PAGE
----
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Manufacturers & Distributors

Are You Ready for the Bonus Depreciation Withdrawal?

Posted on August 31, 2022 by

Jim Biehl

Jim Biehl

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America’s bonus depreciation addiction is scheduled to end. It may not be “cold turkey” but all businesses need to review the pending changes and related tax and cash flow impacts, especially considering a potential business slow down and/or recession.  Financial Statement

The current bonus depreciation tax incentive allows a business to immediately deduct 100% of the purchase price of eligible assets, such as machinery, rather than write them off over the “useful life” of that asset.  

Internal Revenue Code (IRC) Section 179 expensing is also available but is limited to approximately $1.0M per year and is phased out ($1 for $1) once the capital acquisitions exceed $2.7M. 

Therefore, most capital-intensive businesses (like manufacturing entities) utilized the bonus depreciation tool to “kick the tax can” down the road since they took bonus depreciation on all new capital expenditures and dramatically reduced or even eliminated their taxable income and related tax liabilities. 

However, the bonus depreciation deduction is scheduled to begin a 20% reduction/phase-out in 2023 with the elimination of the bonus deduction starting in 2028.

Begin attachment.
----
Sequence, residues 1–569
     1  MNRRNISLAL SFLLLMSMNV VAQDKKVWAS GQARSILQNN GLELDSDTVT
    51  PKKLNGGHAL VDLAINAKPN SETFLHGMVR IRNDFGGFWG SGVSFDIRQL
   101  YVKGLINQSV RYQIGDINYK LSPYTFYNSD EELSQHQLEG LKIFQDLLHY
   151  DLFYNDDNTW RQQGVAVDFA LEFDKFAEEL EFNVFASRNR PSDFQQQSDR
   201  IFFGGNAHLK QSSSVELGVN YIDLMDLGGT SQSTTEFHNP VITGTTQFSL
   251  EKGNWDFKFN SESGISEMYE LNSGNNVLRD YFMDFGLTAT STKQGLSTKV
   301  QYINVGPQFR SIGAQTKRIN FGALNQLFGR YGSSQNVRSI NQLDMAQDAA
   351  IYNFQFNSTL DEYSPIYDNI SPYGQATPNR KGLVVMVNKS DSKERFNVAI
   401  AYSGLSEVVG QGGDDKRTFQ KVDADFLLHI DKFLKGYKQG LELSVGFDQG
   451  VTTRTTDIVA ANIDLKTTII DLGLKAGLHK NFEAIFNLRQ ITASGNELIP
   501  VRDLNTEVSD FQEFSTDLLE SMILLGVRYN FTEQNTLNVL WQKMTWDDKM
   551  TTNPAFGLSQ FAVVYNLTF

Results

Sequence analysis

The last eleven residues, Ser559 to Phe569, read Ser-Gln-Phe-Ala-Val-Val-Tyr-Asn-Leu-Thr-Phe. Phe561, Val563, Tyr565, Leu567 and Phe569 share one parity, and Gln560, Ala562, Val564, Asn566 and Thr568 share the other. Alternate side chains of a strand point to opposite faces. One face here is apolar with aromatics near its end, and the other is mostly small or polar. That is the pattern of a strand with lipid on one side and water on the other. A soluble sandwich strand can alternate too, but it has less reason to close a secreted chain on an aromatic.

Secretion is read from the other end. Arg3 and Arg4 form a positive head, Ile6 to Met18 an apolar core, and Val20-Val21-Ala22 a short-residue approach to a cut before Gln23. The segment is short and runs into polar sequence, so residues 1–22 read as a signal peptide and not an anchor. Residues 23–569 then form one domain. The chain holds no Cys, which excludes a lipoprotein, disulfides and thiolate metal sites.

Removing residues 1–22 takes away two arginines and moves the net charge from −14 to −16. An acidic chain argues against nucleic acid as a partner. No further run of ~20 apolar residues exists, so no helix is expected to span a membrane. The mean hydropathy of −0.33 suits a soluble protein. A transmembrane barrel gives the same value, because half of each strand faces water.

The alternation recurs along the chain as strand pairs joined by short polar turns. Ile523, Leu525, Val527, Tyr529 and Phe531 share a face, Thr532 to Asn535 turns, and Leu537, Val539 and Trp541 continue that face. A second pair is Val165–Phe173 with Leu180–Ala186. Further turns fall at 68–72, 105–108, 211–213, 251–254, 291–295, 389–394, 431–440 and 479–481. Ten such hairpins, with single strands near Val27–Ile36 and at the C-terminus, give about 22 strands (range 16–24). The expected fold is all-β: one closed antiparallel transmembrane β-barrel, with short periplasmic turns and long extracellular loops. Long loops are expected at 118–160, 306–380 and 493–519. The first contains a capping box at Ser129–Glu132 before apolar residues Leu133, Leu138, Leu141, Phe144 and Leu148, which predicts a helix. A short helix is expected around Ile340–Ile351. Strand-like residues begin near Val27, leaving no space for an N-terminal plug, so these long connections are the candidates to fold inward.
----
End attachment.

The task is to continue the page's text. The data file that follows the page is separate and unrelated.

But it phases out in 2028, why worry now? 

The reason for the concern is the perfect storm of a possible economic slowdown combined with a reduction in the bonus depreciation amount available, resulting in unexpected tax liabilities due to the “reversal” of the depreciation “timing difference”. 

What is a depreciation “timing difference”? 

The depreciation timing difference is the cumulative difference between the depreciation taken on your financial statement (e.g., straight-line over the useful life of the asset) versus accelerated and/or bonus depreciation on the tax return. The depreciation timing difference times your effective tax rate is the deferred tax liability that you need to monitor. 

The “reversal” is when the depreciation on your financial statement is higher than the depreciation deduction available on the tax return. For example: 

In this example, we experience an economic slowdown, stop acquiring new equipment, and the financial statement income is break-even after deducting the $1.7M of depreciation. The company has already fully depreciated the assets for tax purposes and therefore is unable to deduct the $1.7M of depreciation on the tax return which would result in taxable income and related taxes being due. 

We recommend that all companies, especially flow-through entities (S corporations, LLCs, partnerships) where the deferred tax liability is NOT recognized on the financial statement, perform an analysis of the timing difference and related reversal to identify potential tax impacts well before the taxes are due.  

Continue the Conversation

If you’d like to learn more about the pending bonus depreciation withdrawal and related tax and cash flow impacts, please reach out

Jim Biehl


Leading the firm’s manufacturing & distribution group, Jim has built a reputation for providing strategic tax, accounting and operational support to owners.

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